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Think like a curator, buy like a collector

3 tips to start collecting

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It cannot be denied that the world of art is extremely interesting. And it becomes even more fascinating when it is something that becomes part of your daily life and not just something you occasionally enjoy when you happen to be invited to the opening of an exhibition where a friend of a friend of a friend presents an artwork.

I think we've all been in a similar situation where we like what we see, but we don't know how to make it ours. We admire it from a distance, and we admire it for the brief hours we spend at the art show.

We think that art is something experienced in short moments, but in reality, we can make art a constant element in our lives. And to do so, we need to think like a curator and buy like a collector.

Here are 3 tips to start an art collection:

1. Know, explore, and discover art:

The first thing to do is to define what we like. Buying an artwork just because our friend loves that artist when we have no connection to the piece is not the way to start collecting. But if we only know our friend's artist, we can't define what we actually like.

So, visit exhibitions, openings, and art events, and follow artists on social media to gradually define your preferences. Curators often specialize in a specific style, movement, technique, theme, discourse, or medium, which helps them focus their research and curatorial projects. In your case, the more art and artists you know, the easier it will be to give direction to your collection, providing a starting point to look for artworks, just like curators do. 

2. Don't be intimidated to ask about art:

We are used to not talking and not touching anything when we go to an art museum, but visiting an art gallery or a fair is very different because in these places, we don't have exhibit labels like in museums and we may have many questions about what we are seeing. 

Sometimes, entering a gallery can be intimidating, and when we finally do, we limit ourselves to viewing the exhibited works as we do in a museum. The significant difference is that in galleries, we only find a short text, two to three paragraphs, revealing only a part of the exhibition, we don't have a label next to each piece that explains even more. 

This is why we need to overcome shyness and ask about the artworks, especially if it's something we're interested in acquiring. Some questions to ask the gallerist, curator, or representative include:

  • How many years has this artist been producing art? - This can tell us more about their career, whether they are an emerging, mid-career, or established artist.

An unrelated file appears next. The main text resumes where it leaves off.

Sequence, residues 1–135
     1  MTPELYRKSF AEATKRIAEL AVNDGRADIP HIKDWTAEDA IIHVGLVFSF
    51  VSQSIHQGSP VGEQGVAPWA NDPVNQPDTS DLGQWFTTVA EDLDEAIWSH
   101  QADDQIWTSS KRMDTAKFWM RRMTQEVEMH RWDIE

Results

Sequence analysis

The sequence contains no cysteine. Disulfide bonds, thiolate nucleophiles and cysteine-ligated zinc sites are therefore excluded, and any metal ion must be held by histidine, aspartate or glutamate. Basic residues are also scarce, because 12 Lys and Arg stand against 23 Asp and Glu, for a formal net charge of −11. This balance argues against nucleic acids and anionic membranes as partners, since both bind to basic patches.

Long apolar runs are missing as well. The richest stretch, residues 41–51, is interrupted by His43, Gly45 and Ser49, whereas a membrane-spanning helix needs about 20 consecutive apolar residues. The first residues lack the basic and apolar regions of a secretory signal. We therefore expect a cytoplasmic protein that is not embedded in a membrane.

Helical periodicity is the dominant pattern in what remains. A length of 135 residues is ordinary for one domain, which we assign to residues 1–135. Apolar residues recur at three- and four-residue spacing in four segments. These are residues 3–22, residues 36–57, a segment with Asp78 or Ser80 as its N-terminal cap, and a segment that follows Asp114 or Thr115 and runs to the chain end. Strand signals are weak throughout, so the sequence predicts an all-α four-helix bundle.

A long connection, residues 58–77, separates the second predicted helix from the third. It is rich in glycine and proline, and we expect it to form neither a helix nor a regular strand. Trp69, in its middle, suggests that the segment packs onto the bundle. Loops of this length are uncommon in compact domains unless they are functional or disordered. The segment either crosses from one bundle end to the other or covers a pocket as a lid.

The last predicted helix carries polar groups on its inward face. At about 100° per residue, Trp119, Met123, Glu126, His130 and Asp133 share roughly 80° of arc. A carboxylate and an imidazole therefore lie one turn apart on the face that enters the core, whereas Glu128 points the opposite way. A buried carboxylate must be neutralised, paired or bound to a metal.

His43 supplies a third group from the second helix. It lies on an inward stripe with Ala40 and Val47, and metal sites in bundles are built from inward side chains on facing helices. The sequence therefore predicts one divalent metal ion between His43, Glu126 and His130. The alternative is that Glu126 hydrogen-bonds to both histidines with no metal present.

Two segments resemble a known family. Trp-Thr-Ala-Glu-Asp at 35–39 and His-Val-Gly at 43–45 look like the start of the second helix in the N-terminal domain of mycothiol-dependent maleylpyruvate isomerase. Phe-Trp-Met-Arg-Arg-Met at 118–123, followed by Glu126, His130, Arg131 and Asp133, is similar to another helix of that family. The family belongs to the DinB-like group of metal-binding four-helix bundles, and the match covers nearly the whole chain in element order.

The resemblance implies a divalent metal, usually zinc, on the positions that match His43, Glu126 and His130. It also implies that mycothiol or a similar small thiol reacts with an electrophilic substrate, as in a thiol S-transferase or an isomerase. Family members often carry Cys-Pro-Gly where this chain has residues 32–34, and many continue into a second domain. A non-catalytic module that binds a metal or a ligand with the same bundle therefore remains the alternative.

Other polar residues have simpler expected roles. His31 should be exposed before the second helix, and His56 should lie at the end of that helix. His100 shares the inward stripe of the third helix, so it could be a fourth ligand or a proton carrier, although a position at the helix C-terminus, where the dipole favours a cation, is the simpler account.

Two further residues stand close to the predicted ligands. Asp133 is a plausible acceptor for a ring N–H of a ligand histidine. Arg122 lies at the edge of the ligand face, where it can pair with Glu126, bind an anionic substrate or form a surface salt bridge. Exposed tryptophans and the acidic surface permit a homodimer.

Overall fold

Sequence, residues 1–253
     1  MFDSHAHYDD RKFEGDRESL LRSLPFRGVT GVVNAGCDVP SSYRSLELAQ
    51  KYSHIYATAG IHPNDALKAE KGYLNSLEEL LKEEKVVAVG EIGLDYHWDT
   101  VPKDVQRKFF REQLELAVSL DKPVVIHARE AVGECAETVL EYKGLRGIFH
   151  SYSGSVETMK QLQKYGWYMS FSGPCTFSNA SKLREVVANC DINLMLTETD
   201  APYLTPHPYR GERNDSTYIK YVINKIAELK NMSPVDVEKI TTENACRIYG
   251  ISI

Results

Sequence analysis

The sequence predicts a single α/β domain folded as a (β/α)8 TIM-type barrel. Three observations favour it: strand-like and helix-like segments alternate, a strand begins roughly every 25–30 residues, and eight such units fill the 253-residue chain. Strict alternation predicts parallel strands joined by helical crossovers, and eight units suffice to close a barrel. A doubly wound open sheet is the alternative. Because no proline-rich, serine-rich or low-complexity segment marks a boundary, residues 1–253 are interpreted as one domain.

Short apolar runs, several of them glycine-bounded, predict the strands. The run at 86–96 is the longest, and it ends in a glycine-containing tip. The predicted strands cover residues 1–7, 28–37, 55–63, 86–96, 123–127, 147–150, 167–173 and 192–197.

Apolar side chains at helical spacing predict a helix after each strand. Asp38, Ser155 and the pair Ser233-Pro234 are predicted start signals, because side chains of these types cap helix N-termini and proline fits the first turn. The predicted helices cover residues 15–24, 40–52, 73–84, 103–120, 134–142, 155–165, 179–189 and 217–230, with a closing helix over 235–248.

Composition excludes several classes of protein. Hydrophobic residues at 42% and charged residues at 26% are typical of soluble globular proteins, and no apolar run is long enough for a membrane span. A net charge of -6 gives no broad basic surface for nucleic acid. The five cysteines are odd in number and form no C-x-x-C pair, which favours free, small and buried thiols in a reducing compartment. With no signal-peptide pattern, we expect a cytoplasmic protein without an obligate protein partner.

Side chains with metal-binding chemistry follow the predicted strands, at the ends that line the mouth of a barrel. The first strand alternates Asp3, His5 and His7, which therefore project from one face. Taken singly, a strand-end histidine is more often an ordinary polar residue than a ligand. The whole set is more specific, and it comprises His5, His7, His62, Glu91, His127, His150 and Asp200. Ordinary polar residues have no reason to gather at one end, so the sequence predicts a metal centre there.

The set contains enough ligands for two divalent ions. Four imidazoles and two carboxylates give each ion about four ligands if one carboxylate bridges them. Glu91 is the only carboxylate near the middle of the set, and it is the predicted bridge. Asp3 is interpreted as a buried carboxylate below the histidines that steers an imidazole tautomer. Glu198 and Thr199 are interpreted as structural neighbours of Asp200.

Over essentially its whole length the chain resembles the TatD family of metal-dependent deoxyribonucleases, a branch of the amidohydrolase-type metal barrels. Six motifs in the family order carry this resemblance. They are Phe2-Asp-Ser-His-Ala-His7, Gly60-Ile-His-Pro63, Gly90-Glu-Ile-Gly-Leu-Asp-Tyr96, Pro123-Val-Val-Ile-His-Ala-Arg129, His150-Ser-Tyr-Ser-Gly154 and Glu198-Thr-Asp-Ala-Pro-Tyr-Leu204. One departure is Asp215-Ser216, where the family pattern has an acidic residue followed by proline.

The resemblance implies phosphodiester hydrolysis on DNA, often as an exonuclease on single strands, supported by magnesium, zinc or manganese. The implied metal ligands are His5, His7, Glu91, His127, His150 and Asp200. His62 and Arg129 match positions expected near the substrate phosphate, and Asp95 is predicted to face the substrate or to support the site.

• Has the artist always worked on the same themes or used the same mediums? - Answering this question will tell us if the artist is multidisciplinary, and we can find out if we are interested in exploring other branches of their production.

  • What are the prices of the pieces? - This is the question that might be the most frightening and could make us feel uncomfortable. However, it is the most important. All collectors, whether novice or expert, have a budget for buying new pieces, so we can't start the collection without knowing the price range.

Asking these questions will lead to many more, but that's exactly what we want; we want to know more about the artwork, about the piece we are about to buy. A good collector knows everything about the work in their home; in other words, they become their own curator.

3. Surround yourself with professionals who know how the market works:

Another crucial point is that art is enjoyed more when you are surrounded by people who can contribute more. Even the most experienced collectors surround themselves with people who invite them to openings and exhibitions; they surround themselves with curators who share articles and texts about artists; they visit artists' studios to see them work and see the artworks in person. They surround themselves with people who know inside out every step of this process, ensuring they meet all the requirements involved in buying a piece of art.

For this reason, art advisors exist; they are your allies in this magnificent art world. It is our responsibility as collectors to have people in our corner who can help us not only make a good purchase but also make a good sale.

Today, one of the most beloved museums in Mexico City is the Jumex Museum, but we wouldn't have this museum if Eugenio López Alonso hadn't taken these first steps.

If you are interested in taking the first step as a collector, we invite you to the next Curatorial Experience: Art Week Tour CDMX, from February 7 to 10, 2024. Download the complete itinerary here; we look forward to seeing you!

Art good to think | Art good to buy. 


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